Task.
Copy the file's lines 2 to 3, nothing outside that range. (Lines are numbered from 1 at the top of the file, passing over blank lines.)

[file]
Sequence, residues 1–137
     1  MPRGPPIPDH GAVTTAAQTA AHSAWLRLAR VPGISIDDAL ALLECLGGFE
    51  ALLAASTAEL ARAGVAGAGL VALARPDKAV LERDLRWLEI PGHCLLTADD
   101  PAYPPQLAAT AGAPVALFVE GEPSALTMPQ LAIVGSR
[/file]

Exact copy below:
     1  MPRGPPIPDH GAVTTAAQTA AHSAWLRLAR VPGISIDDAL ALLECLGGFE
    51  ALLAASTAEL ARAGVAGAGL VALARPDKAV LERDLRWLEI PGHCLLTADD